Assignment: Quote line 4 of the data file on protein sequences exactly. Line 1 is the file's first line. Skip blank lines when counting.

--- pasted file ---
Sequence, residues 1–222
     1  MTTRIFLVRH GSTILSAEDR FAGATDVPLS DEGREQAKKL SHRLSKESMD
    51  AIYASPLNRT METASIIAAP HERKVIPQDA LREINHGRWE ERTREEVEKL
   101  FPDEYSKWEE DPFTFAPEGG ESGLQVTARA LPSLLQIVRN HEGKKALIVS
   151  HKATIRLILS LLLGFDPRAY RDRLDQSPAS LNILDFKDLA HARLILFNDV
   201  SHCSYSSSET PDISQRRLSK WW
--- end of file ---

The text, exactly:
   101  FPDEYSKWEE DPFTFAPEGG ESGLQVTARA LPSLLQIVRN HEGKKALIVS